Meet Dan Blakeslee, the Toothless Troubadour of a Gentrifying Somerville

The city that inspires Blakeslee is becoming increasingly inhospitable to his kind. 
But all those luxury condos come at a price: Somerville's soul.

• • •

I looked upon the Mystic, and it gazed in return.
That copper kept heat, and began to burn.
So the river began talkin’, it asked me your name.
I spoke it tender and clear, and the ice broke with flame.

• • •

Since Blakeslee first moved to Somerville, the most densely populated municipality in Massachusetts, housing costs have skyrocketed. In a 2009 report, Mayor Joe Curtatone’s Office of Strategic Planning and Community Development admitted that since 2000, Somerville had experienced “dramatic increases to housing prices,” as well as “far greater rates of condominium activity” than in neighboring cities—a 323-percent increase in condominium units in just nine years.

“Because condo conversions remove housing units from the rental market, this trend can restrict housing choice for low- and moderate-income renters,” the report says.

Consider Anna Feder, director of programming of the Department of Visual and Media Arts at Emerson College and a former Somerville resident of two and a half years.

“Rents are just obscene. I had to leave Boston,” she says. Feder now resides in Providence’s West End, in a $1,200-a-month, top-floor apartment in a Victorian house. “I commute into Boston three days a week for work, but then I’m not really part of this community anymore.”

Feder, like Blakeslee, fawns over the giant portions at the Neighborhood. She says the artists are already leaving, fleeing south to Quincy, and north to Salem and Lowell. “They are just squeezing every last dime out of artists, and it’s kind of heartbreaking.”

Alyssa Alarcon, an illustrator for Allston Pudding, an award-winning music blog, says artists are migrating to Arlington too, though the lack of public transit makes things tricky. She’s planning her exodus from Somerville after three years there, upon receiving word from her elderly landlord’s sons that her rent will see a “substantial raise” come September.

“I don’t even know who still lives in Somerville anymore. It’s probably just me and Adam,” she says, referring to her friend, musician Adam McElreath of Big Big Buildings. “I know that he lives in a tiny, tiny studio and he’s just barely scraping by right now. I can’t imagine that he’ll be able to stay much longer, which is really unfortunate because he grew up here.”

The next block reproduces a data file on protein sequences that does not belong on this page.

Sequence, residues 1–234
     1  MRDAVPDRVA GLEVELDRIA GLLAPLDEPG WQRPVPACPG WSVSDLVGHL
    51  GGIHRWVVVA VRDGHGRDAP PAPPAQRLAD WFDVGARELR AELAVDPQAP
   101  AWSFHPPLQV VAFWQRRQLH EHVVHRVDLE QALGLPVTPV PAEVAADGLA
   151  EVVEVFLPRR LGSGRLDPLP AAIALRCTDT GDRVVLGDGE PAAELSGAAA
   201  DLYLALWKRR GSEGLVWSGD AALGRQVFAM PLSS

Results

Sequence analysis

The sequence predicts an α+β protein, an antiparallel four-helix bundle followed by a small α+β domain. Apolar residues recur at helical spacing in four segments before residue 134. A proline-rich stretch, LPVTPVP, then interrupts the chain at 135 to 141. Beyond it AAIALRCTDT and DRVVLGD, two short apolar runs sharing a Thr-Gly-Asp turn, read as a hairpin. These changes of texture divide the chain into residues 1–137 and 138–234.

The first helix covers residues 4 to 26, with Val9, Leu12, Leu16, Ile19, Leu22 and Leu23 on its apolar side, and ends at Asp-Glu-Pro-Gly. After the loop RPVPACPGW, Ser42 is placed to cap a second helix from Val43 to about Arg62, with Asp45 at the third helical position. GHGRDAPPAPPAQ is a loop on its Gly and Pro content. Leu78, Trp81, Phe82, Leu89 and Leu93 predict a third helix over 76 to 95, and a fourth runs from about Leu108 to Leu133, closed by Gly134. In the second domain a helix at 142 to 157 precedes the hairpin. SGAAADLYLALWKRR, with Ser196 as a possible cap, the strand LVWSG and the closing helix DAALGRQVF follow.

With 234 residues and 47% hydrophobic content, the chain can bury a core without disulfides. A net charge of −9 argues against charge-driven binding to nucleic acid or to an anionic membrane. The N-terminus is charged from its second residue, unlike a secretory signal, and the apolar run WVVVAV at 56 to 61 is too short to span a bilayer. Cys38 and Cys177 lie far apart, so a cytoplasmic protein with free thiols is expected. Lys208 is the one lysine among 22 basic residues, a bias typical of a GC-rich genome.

When Blakeslee first moved to Somerville in 1995, he and his buddy split a two-bedroom apartment for $250. Twenty years later, the average two-bedroom in Davis costs between $1,500 and $2,000, according to the Somerville-based Boston Rental Exchange.

“That’s crazy! I’m not getting paid four times what I used to,” he says. “I don’t know many people who are.”

A 3,300-square-foot, nine-room home on College Avenue in Davis, placed on the market in October, is poised to break the record for the most expensive home ever sold in Somerville, starting at $1.69 million with potential bidding expected to lift it past the previous record of $1,725,000, set by a two-family converted to a single in April. Three condos have sold in Two Square Lofts at 211 Tremont Street in Union Square, each hovering around $1 million.

“We’re beyond the time to address. It’s gone into crisis mode,” Feder says. “Except for a few people who were smart enough to buy 20 years ago, I don’t know many people who can afford to live here anymore.”

“But on a nice note, Providence has been really great,” she laughs.

Blakeslee searched for two months before he found his current place in a stroke of luck. But for the first time, he thought he might have to leave Somerville for good. If that ever happens, he says he would head back up north to Portland, Burlington, or Portsmouth, where he previously spent five years.

“But the rent there is the same here,” he says. “Everyone up there, all my artist and musician friends moved to the town over. And then they beautified that town. Then they have to move to the next town out. Even the ones that were not the prettiest towns when I was growing up there have become the most beautiful places, and now the artists can’t live there anymore.”

Madeleine Gallagher, an interdisciplinary artist on staff at MIT, says it’s in the best interest of any city to subsidize the creative class, not only by making housing affordable for artists, but fostering the places where people experience the arts as well.

“There are so many corporate venues you can go to before everything becomes homogenous and you lose the whole cultural identity of a city,” she says.

“I know folks who are taking advantage of artist housing at the Waterfront, and that’s fantastic,” Feder says. “But a little project here and there that benefits a handful of artists isn’t the solution. The solution is to deal with rising housing costs all around.”